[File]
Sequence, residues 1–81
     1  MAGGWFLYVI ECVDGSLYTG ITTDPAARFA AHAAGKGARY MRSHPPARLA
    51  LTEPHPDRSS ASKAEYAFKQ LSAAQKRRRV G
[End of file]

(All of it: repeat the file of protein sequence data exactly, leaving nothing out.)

Sequence, residues 1–81
     1  MAGGWFLYVI ECVDGSLYTG ITTDPAARFA AHAAGKGARY MRSHPPARLA
    51  LTEPHPDRSS ASKAEYAFKQ LSAAQKRRRV G